The presidential election has come and gone, and the result that surveyed CEOs had consistently expressed anxiety about has come to pass. It should therefore come as no surprise that the November CEO Confidence Index, Chief Executive’s monthly gauge of CEO expectations for overall business conditions over the next twelve months on a scale of 1 to 10, dipped below 5 for the first time this year with a value of 4.99.
What is surprising is that the Current Confidence Index, a measure of CEOs’ evaluation of current business conditions, experienced a slight uptick of 3.7% to a five-month high of 4.89. Here’s a possible line of logic: while CEOs in our surveys overwhelmingly express concern about the negative impact on business conditions that an Obama administration has had and continues to have, an additional concern since political campaigning began in earnest has been the uncertainty of the election outcome. Continuation of the political status quo removes some of the uncertainty about what to expect for the future – good or bad – making it easier to make good business decisions which anticipate that future.
Freeform responses show that if this is the case, CEOs aren’t about to admit it. Many of our respondents cite continuing uncertainty about future regulation and the impact of the “fiscal cliff” as a primary reason for a poor business outlook. Conditions have certainly not improved for a number of companies. “The result of the election nearly seals our fate,” wrote the CEO of one mid-sized industrial manufacturing company. “After nearly 56 years in business, there is a very good chance that by the end of next year we won’t be here.” Still, most respondents anticipate an increase in their firm’s revenues over the next 12 months, and nearly half anticipate an increase in profits. About a quarter forecast no change in these figures.
This month’s findings varied significantly by industry. “Very concerned about strength in manufacturing,” one respondent wrote; CEOs of manufacturing companies had ratings about 3% lower than the overall figure. CEOs of professional or financial services are yet less optimistic, with ratings 7% lower than the overall. A substantial boost to the index figure came from high tech, which gave ratings a whopping 30% higher than the average. “I think many segments of industry are doing quite well,” the CEO of a mid-sized IT company wrote, conceding that a few “still have extended ‘hangovers’ from the deepest parts of the recession.”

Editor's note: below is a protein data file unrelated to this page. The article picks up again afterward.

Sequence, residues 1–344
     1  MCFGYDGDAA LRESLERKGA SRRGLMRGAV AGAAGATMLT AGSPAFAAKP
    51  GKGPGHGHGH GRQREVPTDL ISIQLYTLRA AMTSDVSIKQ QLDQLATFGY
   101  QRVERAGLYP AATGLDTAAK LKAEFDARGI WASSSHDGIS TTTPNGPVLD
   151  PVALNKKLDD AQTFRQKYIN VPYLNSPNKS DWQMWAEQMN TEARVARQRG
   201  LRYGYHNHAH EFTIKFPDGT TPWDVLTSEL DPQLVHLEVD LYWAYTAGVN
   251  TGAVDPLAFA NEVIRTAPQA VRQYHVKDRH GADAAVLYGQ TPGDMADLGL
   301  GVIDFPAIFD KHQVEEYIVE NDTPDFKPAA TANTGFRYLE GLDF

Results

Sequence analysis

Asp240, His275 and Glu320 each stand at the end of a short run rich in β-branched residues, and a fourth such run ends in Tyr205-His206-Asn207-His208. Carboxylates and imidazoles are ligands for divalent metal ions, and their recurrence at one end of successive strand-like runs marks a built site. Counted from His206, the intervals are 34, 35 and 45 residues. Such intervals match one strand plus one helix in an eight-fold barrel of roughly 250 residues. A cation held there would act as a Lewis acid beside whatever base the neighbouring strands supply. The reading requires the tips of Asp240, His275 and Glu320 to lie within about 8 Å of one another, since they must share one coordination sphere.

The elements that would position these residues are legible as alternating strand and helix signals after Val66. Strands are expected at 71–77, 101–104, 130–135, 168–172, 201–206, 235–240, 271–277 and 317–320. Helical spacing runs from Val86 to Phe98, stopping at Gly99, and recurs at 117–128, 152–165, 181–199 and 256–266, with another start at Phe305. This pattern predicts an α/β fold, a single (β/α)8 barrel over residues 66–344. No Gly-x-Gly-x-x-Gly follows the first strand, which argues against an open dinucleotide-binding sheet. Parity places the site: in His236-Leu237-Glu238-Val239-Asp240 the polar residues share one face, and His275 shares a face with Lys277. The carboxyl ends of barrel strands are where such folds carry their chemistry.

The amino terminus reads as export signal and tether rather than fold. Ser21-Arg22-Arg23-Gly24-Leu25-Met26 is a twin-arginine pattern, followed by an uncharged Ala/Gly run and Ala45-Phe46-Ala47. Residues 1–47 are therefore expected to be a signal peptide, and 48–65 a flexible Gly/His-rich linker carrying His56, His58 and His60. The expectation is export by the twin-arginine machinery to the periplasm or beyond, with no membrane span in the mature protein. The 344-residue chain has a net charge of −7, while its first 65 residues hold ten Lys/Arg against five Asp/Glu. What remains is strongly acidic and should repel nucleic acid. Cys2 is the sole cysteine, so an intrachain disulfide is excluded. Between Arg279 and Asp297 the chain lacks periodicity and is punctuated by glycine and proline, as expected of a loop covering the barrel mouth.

As with previous months’ surveys, annual revenue was also a key factor in optimism of outlook. Respondents from the largest companies (>$1B) and smallest companies (<$5M) were primarily responsible for bringing the Current Confidence Index below 5, with average ratings of 4.65 and 4.43, respectively. Mid-sized companies correspondingly had a somewhat higher rating of current conditions, but bucked a long-standing (and still-standing) overall trend by citing slightly lower expectations for future conditions than present conditions.
Selected Comments from CEO Survey Respondents
“My crystal ball, which is no better than anyone else’s, indicates an economic environment in turmoil that will continue to hamper overall business conditions for the next several years. The successful companies will innovate better processes that add more value to their customers, thereby enabling them to take market share from others in a low overall growth cycle.”
“We expect our growth to be from picking up business from other companies that are tired of trying to compete in the business environment created by President Obama’s policies and the avalanche of regulations on our industry.”
“The election is a disaster for the US economy. We refrained from layoffs in the hope of positive change but will begin layoffs this quarter.”
“Many of our customers have lowered their forecasts in the last 60 days and the election results have done nothing to make them more optimistic. We have already cut our workforce by 10% as a result of softening orders/forecast.”
“Our company experienced a business disruption this year due to the unavailability of capital caused by the current economic climate and the anti-business positions of this administration. The medical device tax and an unresponsive FDA have caused venture financing in our sector to decline. Those investors still active are not investing in novel technologies. As a result we have terminated 90% of our employees and ceased most activities including our our nascent OUS commercial activities.”
“We have lost $3 million of new investment due to election outcome. We have agreed to review status in 6 months, but I fear that it is gone. May close doors in 2013. How’s my confidence? Not real good just now.”